Bridgers’ new EP demonstrates her musical skill



Indie musician Phoebe Bridgers in a concert. Bridgers released her latest EP, “Copycat Killers” in early November.

The gentle swelling of violins fill the air, and then a voice. Soft, silky, almost whispery in its delivery, it blends in with the instrument beautifully. After listening to Phoebe Bridgers’s past albums, this is something I never expected to hear from her, yet she executes effortlessly in her new EP, “Copycat Killer.”

The 26-year-old indie musician made her solo debut with her studio album “Stranger in the Alps” (2017), followed by “Punisher” (2020) which earned her four Grammy nominations.

“Copycat Killer” was released on November 10, 2020 along with “Kyoto” as the promotional single and music video. It features four songs from her second studio album “Punisher,” which was released during the summer of 2020. She reworked the tracks in collaboration with Rob Moose, an arranger and multi-instrumentalist.

“Kyoto” is the first track of the album. On the original, it’s featured as an instrumental and production-heavy track that you can scream on top of your lungs. While the lyrics convey a sorrowful message about Bridgers’ complicated relationship with her father and her first trip to Japan, the arrangement of the track is rather upbeat and bright.

The reworked track is transformed into a whimsical ballad that reflects a whole new perspective of the song without losing its spark. Bridgers’ voice is very upfront in the arrangement and is a more delicate version of what we hear in the original. The instrumentals are minimal and softer in the background, featuring violins mimicking the original melody with added embellishments.

The two tracks compliment each other beautifully while retaining their own individual identities. This is one of my favorite tracks on the album and it sets a great tone to what the rest of the reworks sound like.

The first track transitions gracefully into the next, titled, “Savior Complex.” As in “Punisher,” the track is much softer than “Kyoto.” Bridgers sings to a simple, repetitive guitar melody that washes over you in comforting waves. The track was pretty simple to begin with, so I was curious to see how Bridgers could strip it back even more.

The rework starts off similarly to the original in its simplicity, but the guitar is swapped out for a more sophisticated violin. However, as the song progresses, it starts to veer away from the original with more embellished violin melodies into a whole new track. I loved the buildup of the instruments as the song went on because it always kept me guessing about what I would hear next.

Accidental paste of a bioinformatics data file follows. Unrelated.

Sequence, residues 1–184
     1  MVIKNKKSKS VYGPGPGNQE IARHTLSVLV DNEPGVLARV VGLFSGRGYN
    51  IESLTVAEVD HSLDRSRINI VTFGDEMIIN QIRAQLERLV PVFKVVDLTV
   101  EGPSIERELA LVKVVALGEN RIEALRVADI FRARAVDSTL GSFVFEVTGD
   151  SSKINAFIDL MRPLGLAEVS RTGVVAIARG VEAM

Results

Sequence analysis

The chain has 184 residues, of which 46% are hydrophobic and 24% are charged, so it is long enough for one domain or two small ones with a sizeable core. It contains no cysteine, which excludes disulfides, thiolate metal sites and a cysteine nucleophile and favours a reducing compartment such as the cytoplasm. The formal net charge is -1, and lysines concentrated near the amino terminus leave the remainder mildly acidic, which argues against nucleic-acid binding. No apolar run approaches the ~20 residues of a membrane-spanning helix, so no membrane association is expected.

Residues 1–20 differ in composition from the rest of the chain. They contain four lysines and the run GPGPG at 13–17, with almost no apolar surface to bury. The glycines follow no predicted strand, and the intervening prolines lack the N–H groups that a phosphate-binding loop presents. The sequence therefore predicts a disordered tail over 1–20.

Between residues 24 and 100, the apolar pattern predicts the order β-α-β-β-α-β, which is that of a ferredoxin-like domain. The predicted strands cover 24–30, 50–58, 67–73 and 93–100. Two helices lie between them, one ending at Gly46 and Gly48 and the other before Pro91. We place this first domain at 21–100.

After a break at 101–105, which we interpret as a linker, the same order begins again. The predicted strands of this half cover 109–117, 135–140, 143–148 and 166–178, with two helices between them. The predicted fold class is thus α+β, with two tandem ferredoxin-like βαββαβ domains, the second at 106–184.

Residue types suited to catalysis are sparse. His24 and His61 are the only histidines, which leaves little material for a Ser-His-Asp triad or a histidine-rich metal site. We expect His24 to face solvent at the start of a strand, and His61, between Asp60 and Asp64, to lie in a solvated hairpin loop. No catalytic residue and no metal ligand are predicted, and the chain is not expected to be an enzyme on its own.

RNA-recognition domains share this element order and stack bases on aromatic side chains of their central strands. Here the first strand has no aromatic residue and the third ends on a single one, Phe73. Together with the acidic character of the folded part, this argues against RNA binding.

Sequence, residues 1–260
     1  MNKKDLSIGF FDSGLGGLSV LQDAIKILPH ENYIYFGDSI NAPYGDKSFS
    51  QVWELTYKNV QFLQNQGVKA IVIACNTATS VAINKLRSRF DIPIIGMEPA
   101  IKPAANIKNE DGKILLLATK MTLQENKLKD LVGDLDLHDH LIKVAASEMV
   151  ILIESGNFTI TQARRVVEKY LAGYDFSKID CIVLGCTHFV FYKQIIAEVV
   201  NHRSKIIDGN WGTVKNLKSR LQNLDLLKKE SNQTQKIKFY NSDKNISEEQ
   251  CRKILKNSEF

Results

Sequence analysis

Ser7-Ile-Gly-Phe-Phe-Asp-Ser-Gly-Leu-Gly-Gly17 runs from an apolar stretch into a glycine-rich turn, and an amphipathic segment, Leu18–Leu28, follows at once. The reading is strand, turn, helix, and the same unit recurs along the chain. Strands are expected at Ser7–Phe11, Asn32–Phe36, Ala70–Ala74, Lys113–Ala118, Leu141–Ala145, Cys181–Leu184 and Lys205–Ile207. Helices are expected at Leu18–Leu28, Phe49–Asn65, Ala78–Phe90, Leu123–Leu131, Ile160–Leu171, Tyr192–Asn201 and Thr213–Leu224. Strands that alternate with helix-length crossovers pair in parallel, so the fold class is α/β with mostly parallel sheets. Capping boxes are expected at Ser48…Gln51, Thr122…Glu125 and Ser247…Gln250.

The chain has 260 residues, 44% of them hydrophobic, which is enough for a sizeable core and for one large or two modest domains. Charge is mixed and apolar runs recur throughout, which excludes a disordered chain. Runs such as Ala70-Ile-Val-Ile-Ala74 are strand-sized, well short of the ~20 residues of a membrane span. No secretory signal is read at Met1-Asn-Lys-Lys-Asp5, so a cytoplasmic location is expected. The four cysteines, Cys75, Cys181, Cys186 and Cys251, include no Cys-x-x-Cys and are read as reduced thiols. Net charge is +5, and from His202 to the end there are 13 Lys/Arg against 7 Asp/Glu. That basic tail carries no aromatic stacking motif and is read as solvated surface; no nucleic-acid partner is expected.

Personally, I loved the interlude towards the middle of the song and how it capitalized and expanded on the small violin section presented in the original. The additional arrangements reminded me of a song that could be played in a Disney movie and fully submerged me into the world of the music.

Up next was “Chinese Satellite.” Right off the bat, I was surprised to hear a guitar since the previous tracks relied heavily on the violin. In the middle, the song suddenly switched off to strictly violin and later to a combination of the two, which I quite liked, and wished had been done from the beginning.

Unlike other tracks, I didn’t hear a big change from the original. They are both relatively stripped back and feature the same variety of instrumentals. The rework didn’t showcase the original song in a new light which, in my opinion, is crucial when publishing a new version of a song.

The last track of the album is titled “Punisher.” In the original, it’s a soft and delicate song about fans who are always trying to present themselves in the best light to their heroes. It states, “What if I told you I feel like I know you, but we never met? It’s for the best.”

I loved that “Punisher,” the title track of the original album, has the words “copycat killer” in its lyrics, serving as a great connection to the title of the EP. With the help of her collaborator, Rob Moose, the added arrangement enriched the track while maintaining the stripped back quality that is prominent in the original. It was a great way to end the album and tie everything together.

Overall, Bridger’s ability to keep the special spark in her songs while changing their entire arrangement showcased her ability not only as a singer but as an artist and made the experience of listening to it altogether enjoyable.